No. 280  NAI DFA Secretary's Files P12/8

Letter from Michael MacWhite to Joseph P. Walshe (Dublin)
(Personal and Confidential)

ROME, 10 April 1943

The situation in Italy, to-day, is as interesting to a speculative philosopher as it is to a foreign observer. It would be no easy matter for either to explain the indifference bordering almost on fatalism of a large part of the population to the reverses that have overtaken Italian arms and which are likely to bring in their train economic and political disaster for the Nation. Some would, no doubt, dismiss the matter by attributing it to the soporific engendered by two decades of a totalitarian regime but that would not be altogether correct as the roots go much deeper away down into the racial origin of the Italian people themselves.

In the first place, the Alliance with Germany was an unnatural one as the temperament of the two peoples is irreconcilable. The Germans despise the Italians and are heartily hated in return. They are natural enemies and have been so all through their history as they have, unfortunately, in their composition, many of the ingredients that provoke mutual distrust and dislike. On the other hand, the Italians have never had any serious dispute with England, and America has always been to them a kind of fairy grandmother. It is not therefore to be wondered at that the average Italian finds some difficulty in arousing hatred for the Allies while the fires of enmity for his Axis partner are always alight. High Italian military and naval officers are known to have resigned their commands rather than subordinate themselves to German generals and admirals.

Reports circulate here of how the Germans seized the petrol of the Italian soldiers in Egypt as well as their reserve of water and then abandoned them to the mercy of the desert. During the retreat from Voronef an Italian officer, now in Rome, had his fingers chopped off when he tried to hang on to a German lorry. One of the occupants used his axe effectively to oblige him to let go. Tired or wounded German soldiers were picked up but the Italians were left to perish in the snow. Stories of German brutality far worse than this are being related by returned soldiers some of which, though exaggerated, may not be altogether devoid of foundation. One may thus understand why Italian troops when protecting Rommel's retreat surrender to the Allies whenever an opportunity presents. The average Italian, be he worker, clerk, waiter, baker or tailor does not hesitate to tell you, to-day, that he would welcome the arrival of the Allies in Italy. He has an intuition that his country has more to gain by an Allied than an Axis victory and he is sufficiently astute and supple to hope that he may be on the winning side before the war is over.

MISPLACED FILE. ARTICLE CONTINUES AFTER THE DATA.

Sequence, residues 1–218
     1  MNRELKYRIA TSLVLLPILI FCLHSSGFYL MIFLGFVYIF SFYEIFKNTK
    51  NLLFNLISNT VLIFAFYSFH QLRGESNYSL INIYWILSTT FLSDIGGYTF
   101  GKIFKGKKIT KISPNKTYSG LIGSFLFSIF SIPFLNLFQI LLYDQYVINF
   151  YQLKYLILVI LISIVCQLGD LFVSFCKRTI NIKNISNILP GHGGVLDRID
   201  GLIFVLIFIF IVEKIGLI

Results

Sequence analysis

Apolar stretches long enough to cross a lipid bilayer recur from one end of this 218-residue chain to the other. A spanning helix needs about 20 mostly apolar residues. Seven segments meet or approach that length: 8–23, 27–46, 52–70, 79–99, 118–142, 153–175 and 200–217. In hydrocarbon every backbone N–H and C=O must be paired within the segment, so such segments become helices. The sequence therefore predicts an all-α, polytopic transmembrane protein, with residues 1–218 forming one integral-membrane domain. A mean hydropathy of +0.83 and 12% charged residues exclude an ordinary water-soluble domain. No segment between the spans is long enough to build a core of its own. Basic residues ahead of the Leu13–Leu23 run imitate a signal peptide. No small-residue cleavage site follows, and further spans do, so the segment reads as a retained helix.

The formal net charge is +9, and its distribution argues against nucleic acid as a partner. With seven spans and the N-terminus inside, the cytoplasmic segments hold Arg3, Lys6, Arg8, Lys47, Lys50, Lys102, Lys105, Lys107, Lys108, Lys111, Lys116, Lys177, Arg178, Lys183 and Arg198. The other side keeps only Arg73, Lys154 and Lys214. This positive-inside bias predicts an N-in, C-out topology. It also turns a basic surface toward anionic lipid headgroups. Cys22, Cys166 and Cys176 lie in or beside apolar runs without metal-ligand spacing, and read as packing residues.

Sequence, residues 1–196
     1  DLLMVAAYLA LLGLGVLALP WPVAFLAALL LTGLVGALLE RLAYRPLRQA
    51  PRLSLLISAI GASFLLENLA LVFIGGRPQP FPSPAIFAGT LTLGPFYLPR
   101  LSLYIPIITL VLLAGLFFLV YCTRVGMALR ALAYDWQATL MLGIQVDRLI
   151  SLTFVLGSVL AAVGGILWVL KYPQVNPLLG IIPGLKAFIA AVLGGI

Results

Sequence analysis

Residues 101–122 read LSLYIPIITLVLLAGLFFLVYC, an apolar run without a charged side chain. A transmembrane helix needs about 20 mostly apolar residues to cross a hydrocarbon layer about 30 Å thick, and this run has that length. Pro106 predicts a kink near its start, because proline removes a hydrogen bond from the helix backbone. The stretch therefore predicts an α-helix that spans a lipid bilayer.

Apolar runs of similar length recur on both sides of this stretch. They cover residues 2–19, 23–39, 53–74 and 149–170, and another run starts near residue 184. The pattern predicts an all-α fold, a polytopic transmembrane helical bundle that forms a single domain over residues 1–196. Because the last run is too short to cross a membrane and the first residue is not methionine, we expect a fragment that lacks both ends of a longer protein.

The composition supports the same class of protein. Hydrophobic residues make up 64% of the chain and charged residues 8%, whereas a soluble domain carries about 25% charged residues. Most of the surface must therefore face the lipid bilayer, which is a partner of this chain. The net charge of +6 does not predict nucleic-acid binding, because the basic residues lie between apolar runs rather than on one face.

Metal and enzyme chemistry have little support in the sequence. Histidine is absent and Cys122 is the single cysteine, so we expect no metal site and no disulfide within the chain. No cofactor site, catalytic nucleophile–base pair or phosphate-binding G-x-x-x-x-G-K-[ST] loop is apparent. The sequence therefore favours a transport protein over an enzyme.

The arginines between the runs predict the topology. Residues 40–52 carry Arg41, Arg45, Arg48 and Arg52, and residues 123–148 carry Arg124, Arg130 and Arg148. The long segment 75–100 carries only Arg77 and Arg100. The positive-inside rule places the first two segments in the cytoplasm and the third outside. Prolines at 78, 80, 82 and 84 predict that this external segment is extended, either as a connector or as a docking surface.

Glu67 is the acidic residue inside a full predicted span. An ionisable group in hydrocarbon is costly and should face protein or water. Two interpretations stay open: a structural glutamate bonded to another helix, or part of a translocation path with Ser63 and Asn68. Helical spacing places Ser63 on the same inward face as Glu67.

The Fascist leaders are somewhat bewildered by the course events are taking. Up till recently their confidence in the German military machine was unbounded although the Italian General Staff did not always share their views. With the series of disasters that befell the Wehrmacht during the Russian Winter offensive it began to be realised also, in high Fascist circles, that German arms are not invincible and that there was a limit to the production of war machines by German factories. Some of those who at the opening of hostilities were only convinced to the contrary, against their will, felt the time had come when they should assert themselves with the result that Cabinet changes followed. The new men have not, however, shown themselves to be any more aggressive than their predecessors. In fact, some of them are known to have very little use for the Germans and I find it difficult to convince myself that one Member, at least, whom I happen to know personally for a number of years is not pro-British. Some, if not all, of the principal Fascists would sue for peace now if they could but their problem is how to save the Duce. The majority of the people are not, however, worried as to what may happen to the head of the Government but they would like to ensure the security of the head of the State and the succession to the Throne. Another element of the population by no means insignificant have little use for either the House of Savoy or the Duce of Fascism. Their ideal is a republic with an underground foundation of Marxist principles.

At no time since Italy entered the war has criticism of the Fascist régime been so audible as at present. There have been occasional expressions of discontent and minor demonstrations due to the shortage of food or fuel but these were easily dealt with by the local authorities, particularly as the Axis star was then in the ascendant. Now, that it is on the wane and that all hopes of victory have vanished, the people are growing more outspoken and may awaken from their slumbers in time to save their country from utter ruin for that will be the outcome unless, by one means or another, invasion is averted. Many Italians look to Count Grandi1 as a coming leader and it is not unlikely that he may play an important role in guiding the future destinies of Italy. The King would welcome him with open arms and so also would the moderate element in the Fascist Party which is much more considerable now than was the case a year or two ago.

[signed] M. MACWHITE

1 Count Dino Grandi (1895-1988), Italian Fascist politician. Opposed Mussolini at the 23 July 1943 meeting of the Fascist Grand Council which removed the Duce from power.


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